Above all, there is a larger number of consumers that have become aware,
due to their income level and their access to information, of the options
available to them when deciding what they need to buy and where they can
get it, even in markets other than their own.
But, above all, because it is a world where the factor of cultural diversity
has acquired widespread presence and relevance, which makes it even harder
to try to reach these different consumers without adapting the offering
to their tastes, beliefs, values, lifestyles and priorities. This also
involves having an in-depth knowledge of foreign markets, including their
historic roots and differentiating aspects. In general, such knowledge
is acquired by having lived in a country for a certain period of time
and gained experience, in one way or another, of its market.
This is a world in which not only the undergoing profound changes have
become more evident in recent years -and even months, if the experience
of the Covid-19 is taken into account-but which will also continue to
develop in a constant process of change. As we have pointed out before,
these are changes that have an enormous capacity to render obsolete criteria,
concepts and theoretical approaches that have been used for a long time
in an attempt to understand the international reality.
There are three requirements that would seem necessary in order to substantially
improve the ability of a country, such as Argentina, to understand the
future development of its foreign trade in a global context with multiple
options and in a constant process of change.
Without dismissing others, these three closely linked requirements are:
- Having human resources capable of understanding other national realities
and their respective modes of consumption of goods and services that,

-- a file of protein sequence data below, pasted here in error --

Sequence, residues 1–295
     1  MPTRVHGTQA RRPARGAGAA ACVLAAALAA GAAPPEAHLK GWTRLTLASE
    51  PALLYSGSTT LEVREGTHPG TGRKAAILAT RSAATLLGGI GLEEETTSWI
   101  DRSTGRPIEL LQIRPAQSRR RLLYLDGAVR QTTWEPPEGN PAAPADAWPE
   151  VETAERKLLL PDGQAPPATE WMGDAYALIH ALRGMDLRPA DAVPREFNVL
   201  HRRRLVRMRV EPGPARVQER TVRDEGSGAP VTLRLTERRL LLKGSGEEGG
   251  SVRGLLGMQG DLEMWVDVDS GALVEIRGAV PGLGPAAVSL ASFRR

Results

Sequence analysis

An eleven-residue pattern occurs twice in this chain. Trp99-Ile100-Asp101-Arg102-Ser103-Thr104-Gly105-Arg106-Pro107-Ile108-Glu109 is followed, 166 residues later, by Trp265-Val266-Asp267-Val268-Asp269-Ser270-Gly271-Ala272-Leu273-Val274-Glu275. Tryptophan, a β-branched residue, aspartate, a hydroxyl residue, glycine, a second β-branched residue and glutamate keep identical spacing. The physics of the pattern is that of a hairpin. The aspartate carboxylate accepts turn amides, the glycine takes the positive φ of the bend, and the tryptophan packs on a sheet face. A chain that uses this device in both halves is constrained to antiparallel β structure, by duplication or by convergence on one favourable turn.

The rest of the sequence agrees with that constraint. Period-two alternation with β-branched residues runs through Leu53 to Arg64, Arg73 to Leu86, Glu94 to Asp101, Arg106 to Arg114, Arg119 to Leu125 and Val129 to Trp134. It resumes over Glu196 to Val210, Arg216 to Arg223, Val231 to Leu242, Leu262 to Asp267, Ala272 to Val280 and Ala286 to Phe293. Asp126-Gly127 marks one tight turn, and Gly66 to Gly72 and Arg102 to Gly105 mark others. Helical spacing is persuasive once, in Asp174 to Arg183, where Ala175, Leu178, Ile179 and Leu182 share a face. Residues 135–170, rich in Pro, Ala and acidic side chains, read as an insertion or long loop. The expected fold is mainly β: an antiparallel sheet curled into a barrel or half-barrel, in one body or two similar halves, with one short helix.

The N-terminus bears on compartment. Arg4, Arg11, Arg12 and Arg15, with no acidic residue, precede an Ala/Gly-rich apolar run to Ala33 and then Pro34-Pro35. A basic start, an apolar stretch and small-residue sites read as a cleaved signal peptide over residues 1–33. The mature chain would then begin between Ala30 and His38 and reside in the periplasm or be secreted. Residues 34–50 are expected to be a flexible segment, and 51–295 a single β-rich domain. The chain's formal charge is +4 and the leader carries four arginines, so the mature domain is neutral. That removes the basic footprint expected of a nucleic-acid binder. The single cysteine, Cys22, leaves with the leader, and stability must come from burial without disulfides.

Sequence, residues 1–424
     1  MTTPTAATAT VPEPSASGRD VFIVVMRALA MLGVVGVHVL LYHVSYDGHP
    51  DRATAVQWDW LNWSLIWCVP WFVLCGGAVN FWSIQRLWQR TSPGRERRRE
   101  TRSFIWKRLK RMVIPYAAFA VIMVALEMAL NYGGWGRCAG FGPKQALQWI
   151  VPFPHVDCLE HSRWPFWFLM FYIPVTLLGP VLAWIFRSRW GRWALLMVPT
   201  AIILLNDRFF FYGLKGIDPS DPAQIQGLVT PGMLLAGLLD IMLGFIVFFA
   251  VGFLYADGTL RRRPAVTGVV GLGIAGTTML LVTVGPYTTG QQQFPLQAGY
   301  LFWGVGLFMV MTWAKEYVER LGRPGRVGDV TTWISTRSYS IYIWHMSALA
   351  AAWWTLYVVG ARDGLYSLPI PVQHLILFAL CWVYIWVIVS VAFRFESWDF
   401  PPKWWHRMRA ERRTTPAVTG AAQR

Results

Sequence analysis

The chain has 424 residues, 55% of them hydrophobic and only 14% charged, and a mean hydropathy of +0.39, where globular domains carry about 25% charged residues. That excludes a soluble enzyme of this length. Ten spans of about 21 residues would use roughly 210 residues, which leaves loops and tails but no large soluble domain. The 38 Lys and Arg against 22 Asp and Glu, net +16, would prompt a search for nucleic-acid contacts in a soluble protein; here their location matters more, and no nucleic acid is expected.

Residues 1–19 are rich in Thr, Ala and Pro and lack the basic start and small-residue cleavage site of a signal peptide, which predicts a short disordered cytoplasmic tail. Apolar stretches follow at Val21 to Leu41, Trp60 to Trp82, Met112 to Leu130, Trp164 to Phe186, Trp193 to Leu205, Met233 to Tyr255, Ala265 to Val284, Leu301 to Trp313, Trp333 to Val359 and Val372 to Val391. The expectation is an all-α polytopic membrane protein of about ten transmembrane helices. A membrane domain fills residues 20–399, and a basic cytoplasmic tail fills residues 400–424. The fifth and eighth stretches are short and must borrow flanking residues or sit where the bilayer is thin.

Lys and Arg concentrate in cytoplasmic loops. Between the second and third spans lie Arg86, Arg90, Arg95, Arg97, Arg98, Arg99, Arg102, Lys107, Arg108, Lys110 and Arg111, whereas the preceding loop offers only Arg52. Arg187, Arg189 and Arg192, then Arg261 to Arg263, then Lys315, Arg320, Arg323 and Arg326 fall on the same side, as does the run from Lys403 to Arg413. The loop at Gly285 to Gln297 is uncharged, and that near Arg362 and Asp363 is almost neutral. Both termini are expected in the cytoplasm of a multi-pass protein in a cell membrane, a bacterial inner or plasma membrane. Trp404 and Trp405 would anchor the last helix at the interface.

due to the endowment of resources, the country can produce and eventually
export. That means to train professionals and technicians to have a
correct and, if possible, direct knowledge of what consumers from other
countries may eventually demand. This kind of knowledge can be acquired
mainly through living in a foreign country for a period of time as a
student, company executive, temporary worker, journalist, artist, scientist,
athlete, diplomat, or any other activity, even as a "backpacker".
This helps capture a more in-depth knowledge of the effects of cultural
diversity with respect to the observer's country of origin;
- Facilitating the development of specialists with sufficient knowledge
of the political, economic, cultural and legal realities of other countries,
including, of course, their foreign relations. This implies human resources
with a sufficient knowledge of literature and history, as well as of
the eventual ethnic or religious diversities of the countries with which
it seeks to increase commercial ties. It involves training people who
can show not only understanding, but, above all, respect and even admiration
for the other country.
- Having human resources with a reasonable understanding of the predominant
language or languages of the foreign country and the main customs of
its population. Although English is a language of universal scope, having
at least an understanding of the predominant language of the foreign
country, when it is not English, is highly advisable for anyone wanting
to live and eventually work there.
These are human resource requirements that can, moreover, affect the
modalities of cooperation between our country and other countries of our
own region (for example, Mercosur and the Pacific Alliance) and other
regions of the world (for example, the European Union; ASEAN and other
Asian schemes of preferential trade and regional development, and the
various processes of African integration), and with countries that, due